Your cover letter is essentially finished at this point. You may, however, thank the agent and say that your paperwork does not have to be returned. Don’t feel twitchy about copyright infringements or the theft of your ideas and plaster copyright notices all over your pages. A writer’s work is protected from the moment the first word is placed on a page, and reputable agents have better ways to make money than trying to rip you off.
And that’s it. The cover letter should fit on one page, if possible. Notice that a paragraph about the market for your book should not be included unless it’s nonfiction. You have already mentioned a couple of books that are similar to yours elsewhere in the letter. That’s enough. Your goal in the query letter and the précis of your book—the brief synopsis or abstract—is to show, not tell. If all your material shows that you’re a pro and a player and that you can write about your subject with skill and freshness and flair, the agent will know that your book has a market.
The second sheet of your query package should be a one-page précis of your book. If the work is fiction, this is a very short story of the story that describes the beginning, the middle, and the end in two or three paragraphs (if you’re clever, you won’t have to give away the whiz-bang climax). It is not a detailed, blow-by-blow synopsis of the plot that covers the content of every chapter. If your book is nonfiction, you can make things easy by writing a contents sheet. This is simply a list of the chapters, each one followed by a line or two saying what it contains.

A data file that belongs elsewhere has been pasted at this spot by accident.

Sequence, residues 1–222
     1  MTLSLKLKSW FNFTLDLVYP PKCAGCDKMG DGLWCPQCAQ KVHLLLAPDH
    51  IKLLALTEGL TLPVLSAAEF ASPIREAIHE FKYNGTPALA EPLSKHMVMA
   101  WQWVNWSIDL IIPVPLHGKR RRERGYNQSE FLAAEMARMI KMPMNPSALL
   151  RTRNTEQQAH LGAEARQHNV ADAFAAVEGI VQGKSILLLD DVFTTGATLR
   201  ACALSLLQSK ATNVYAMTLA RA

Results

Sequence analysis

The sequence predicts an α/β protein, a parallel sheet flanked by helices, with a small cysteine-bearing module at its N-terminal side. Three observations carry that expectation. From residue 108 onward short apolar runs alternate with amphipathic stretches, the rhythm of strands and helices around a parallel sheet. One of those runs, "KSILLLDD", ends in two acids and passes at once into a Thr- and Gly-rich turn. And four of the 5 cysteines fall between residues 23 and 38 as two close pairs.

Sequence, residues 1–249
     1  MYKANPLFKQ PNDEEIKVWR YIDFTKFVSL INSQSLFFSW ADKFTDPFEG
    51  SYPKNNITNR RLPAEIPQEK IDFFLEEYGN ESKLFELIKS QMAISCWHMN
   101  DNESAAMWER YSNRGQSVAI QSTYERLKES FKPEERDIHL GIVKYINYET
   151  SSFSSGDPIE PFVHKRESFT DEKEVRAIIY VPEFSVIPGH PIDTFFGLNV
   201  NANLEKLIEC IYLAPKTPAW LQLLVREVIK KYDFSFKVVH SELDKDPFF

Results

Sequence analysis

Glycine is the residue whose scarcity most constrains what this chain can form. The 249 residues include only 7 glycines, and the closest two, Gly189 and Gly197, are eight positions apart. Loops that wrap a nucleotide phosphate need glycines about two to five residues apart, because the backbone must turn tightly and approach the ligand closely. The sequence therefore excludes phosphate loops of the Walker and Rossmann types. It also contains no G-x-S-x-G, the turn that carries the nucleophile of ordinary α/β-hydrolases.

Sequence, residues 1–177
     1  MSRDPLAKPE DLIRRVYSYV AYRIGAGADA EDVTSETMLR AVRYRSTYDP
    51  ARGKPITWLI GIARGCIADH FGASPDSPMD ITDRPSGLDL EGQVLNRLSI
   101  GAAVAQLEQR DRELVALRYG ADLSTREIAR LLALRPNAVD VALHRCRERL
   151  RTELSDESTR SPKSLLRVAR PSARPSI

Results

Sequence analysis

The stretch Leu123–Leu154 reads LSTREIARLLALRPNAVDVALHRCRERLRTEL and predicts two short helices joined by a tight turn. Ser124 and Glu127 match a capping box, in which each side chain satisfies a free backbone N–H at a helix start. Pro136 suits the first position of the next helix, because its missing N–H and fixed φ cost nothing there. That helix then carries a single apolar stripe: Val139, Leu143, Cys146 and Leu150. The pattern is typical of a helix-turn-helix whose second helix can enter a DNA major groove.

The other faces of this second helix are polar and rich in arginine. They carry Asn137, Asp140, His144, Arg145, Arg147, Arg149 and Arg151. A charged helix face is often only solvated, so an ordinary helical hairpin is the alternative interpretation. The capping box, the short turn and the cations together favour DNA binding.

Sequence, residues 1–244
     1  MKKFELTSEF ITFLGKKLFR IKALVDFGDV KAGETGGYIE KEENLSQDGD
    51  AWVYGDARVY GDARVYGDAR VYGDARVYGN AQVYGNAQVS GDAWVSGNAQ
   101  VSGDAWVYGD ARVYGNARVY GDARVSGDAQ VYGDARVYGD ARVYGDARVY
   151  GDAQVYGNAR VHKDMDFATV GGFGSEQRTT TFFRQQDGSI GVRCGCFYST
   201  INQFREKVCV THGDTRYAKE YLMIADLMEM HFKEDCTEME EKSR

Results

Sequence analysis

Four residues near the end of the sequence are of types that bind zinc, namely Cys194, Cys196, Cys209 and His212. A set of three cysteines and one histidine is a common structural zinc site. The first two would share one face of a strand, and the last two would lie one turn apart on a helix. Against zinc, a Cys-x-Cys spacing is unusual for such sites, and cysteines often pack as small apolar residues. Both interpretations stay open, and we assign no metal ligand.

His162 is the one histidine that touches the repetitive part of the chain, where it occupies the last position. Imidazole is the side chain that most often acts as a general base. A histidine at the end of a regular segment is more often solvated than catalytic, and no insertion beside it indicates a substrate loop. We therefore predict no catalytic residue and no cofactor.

Finally, include seven to nine pages from the opening of your book—or a little more (perhaps the first chapter) if you’re feeling lucky and like to spend money on photocopies. If an agent’s listing asks writers specifically to “send the first 50 pages,” then follow that guideline. Include some sample pages even though the agent probably won’t read them. But if the agent hasn’t rejected your book after scanning your first two pages, he/she will read a little more, hoping to find evidence of your writing skill—not whether or not you can write a sentence but whether your words, ideas, approach, and structure will attract readers who love books like this (a type of book that the agent enjoys and sells) and encourage them to read on.
If you are submitting your query the old-fashioned way, by snail-mail, you may also enclose an SASE—a stamped, self-addressed #10 envelope—although SASEs serve mostly as vehicles for standard rejection slips. If an agent is interested in your book, he/she will call you, e-mail you, or fire off a note asking for more chapters, the entire manuscript, or a proposal (for nonfiction works). Many agents today prefer to receive queries by e-mail. Read their website for submission guidelines, and follow their instructions exactly.
Is it a good idea to add some bells and whistles to gussy up your query package to make it stand out from the crowd? Short answer: Only if you’re an advertising or marketing genius and know how to go about such things. Otherwise, forget it. When you’re dealing with literary agents you have to sell the steak, not the sizzle. Or, as the man said, the medium is the message.